Chalk grassland is a rich, ancient and colourful habitat, but it is not entirely natural. As long ago as the Bronze Age, the land in the Chilterns was cleared of trees for grazing animals, so for over two thousand years, the cattle, sheep and rabbits introduced by people have helped to stop scrub species, such as hawthorn, bramble, dogwood and birch, from re-growing, and from shading out the sun-loving flowering plants that the butterflies enjoy. In some places the grazing animals still do their work, nibbling off the young shoots of scrub plants, but the reduction in rabbit numbers, and the impracticality of grazing sheep and cattle on some of our sites, means the National Trust rangers and volunteers sometimes have to lend a timely hand.
Go through the gate and follow the edge of the field uphill, again with Park Wood on your left. On your right there are distant views of Bradenham, Bradenham Valley, and as far as West Wycombe Church. After you have passed the path’s summit it starts to descend to another metal kissing gate.
Go through the gate and down some steps, then head downhill across an area of grass and scrub vegetation. Take care as the path can be slippery after wet weather. On reaching the bottom of the slope, turn left onto a wide track and head towards a set of wooden gates.
Until relatively recently, this area was a coniferous forestry plantation, although it was originally rough pasture. In recent years, the National Trust has cleared the trees. No seeding or planting has taken place, however a wide range of chalk grassland native wildflowers have grown from dormant seed, creating a habitat suitable for many species of grassland butterfly. Look out for any of the following species (depending on the season): small skipper, Lulworth skipper, silver-spotted skipper, dingy skipper, grizzled skipper, green hairstreak, small blue, brown argus, northern brown argus, common blue, chalkhill blue, Adonis blue, dark green fritillary, marsh fritillary, wall, marbled white, meadow brown or small heath.
Head through the gate and continue following the wide track gently uphill, ignoring branching paths. After 300 metres, the path curves to the left. You soon see a short, steep wooded bank to the right of the track with a chain link fence running along the top and with old pillboxes behind. This is the boundary fence of RAF High Wycombe at Walters Ash. The track bends left uphill away from it then levels out. Continue following the main track as it winds through an area of beech woodland, then an area of relatively young birch trees and then back to mature beech. At this point, you meet again the boundary bank and fence. When this comes to an end and on a left hand bend in the track look out for a clear but narrow woodland footpath on your left, which descends through the beech woodland.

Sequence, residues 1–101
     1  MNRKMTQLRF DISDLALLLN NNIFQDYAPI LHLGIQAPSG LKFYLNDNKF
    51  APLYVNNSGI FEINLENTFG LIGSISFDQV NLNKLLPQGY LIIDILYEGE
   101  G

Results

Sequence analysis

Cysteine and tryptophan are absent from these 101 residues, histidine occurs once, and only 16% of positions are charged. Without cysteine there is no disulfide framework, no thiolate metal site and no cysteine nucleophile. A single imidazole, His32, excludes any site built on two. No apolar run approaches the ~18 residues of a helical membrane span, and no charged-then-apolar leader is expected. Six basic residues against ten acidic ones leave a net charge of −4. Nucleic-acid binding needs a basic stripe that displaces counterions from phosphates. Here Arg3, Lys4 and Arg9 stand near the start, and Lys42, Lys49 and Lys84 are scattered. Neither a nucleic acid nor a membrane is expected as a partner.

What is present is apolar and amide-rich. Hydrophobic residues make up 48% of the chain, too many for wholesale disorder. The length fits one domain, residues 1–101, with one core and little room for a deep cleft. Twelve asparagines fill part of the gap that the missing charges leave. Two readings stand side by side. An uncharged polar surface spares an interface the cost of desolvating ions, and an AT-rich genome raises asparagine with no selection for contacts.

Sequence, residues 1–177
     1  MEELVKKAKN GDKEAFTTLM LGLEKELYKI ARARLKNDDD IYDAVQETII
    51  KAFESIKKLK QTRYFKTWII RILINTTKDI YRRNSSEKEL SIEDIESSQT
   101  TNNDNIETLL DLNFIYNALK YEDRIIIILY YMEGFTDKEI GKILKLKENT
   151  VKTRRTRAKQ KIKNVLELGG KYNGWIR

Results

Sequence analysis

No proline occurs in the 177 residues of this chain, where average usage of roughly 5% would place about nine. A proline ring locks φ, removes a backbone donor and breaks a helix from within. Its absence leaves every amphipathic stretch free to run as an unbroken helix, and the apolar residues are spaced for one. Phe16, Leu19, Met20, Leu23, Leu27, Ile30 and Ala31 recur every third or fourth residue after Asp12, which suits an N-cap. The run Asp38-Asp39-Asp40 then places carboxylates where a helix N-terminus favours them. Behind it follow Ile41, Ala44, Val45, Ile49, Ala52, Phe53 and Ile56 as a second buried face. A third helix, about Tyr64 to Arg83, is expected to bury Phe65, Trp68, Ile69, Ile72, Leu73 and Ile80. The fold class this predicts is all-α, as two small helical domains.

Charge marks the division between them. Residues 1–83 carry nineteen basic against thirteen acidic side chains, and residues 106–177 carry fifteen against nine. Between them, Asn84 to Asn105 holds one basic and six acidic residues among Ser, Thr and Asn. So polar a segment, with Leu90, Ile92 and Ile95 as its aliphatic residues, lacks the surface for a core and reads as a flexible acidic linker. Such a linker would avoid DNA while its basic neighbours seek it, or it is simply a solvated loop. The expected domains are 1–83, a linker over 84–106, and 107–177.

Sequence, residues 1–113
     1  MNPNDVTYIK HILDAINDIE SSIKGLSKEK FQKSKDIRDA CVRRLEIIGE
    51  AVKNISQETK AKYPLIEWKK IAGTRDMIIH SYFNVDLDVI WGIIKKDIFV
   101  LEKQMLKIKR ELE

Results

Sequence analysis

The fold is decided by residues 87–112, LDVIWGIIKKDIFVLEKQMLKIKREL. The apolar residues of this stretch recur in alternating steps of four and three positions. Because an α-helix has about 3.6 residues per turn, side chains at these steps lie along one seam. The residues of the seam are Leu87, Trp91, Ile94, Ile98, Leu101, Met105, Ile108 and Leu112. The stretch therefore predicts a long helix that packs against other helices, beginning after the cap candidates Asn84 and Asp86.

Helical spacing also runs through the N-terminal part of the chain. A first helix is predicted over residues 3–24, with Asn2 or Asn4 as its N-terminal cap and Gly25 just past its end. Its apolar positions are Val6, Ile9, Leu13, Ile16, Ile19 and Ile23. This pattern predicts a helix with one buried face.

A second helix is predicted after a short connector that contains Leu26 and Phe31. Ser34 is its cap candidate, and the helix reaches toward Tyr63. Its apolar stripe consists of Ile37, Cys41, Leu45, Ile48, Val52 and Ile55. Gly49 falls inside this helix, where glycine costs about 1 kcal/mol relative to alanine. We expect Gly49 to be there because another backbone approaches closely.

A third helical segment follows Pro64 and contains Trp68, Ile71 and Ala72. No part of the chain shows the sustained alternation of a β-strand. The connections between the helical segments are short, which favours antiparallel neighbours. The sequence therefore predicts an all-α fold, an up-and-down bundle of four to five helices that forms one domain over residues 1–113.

Park Wood and Bradenham Beeches
Some butterflies, such as the silver-washed fritillary, enjoy the summer shade of woodlands, and they often feed on the nectar of flowering plants, such as ivy and wood sorrel, that grow on the woodland floor. You may find butterflies early in the morning, basking in small dappled pools of sunlight, or in clearings left by fallen trees. In places, woodlands can become, dense and almost impenetrable to light, preventing the smaller plants from growing. To help the butterflies, it is important to provide enough light for the flowering plants, on which and they feed, and this involves thinning out dense woodland, removing parts of the under-canopy and removing carefully selected trees and branches. This way, enough sunlight can penetrate through the tree canopy, allowing the woodland flowers to grow and to thrive.
Turn left onto the woodland path, following it as it winds its way downhill for about 100 metres. You will soon see a wood gate ahead of you. Go through the gate into the nature reserve at Small Dean Bank. Follow the steep downhill path across Small Dean Bank, back to the car park where you started.
Small Dean Bank
This is one of two local sites where the National Trust has successfully re-introduced the rare Duke of Burgundy butterfly. In 2000 the Trust harvested eggs from a Duke of Burgundy colony in the Ivinghoe Hills and from these adult butterflies were released at Small Dean Bank and Park Wood in the Bradenham valley in 2011. Work was also done to ensure the habitat at these sites is suitable for the butterfly's lifecycle. The reintroduction has proved to be very successful as His Grace the Duke of Burgundy, to use its full grand name, is increasing in number. This is a great conservation success story for a species which on a national scale is one of the most rapidly-declining butterflies in the UK. In March 2017, the pupae of the rare Purple Emperor butterfly were discovered near here.
National Trust car park in Smalldean Lane. Grid Ref. SU823989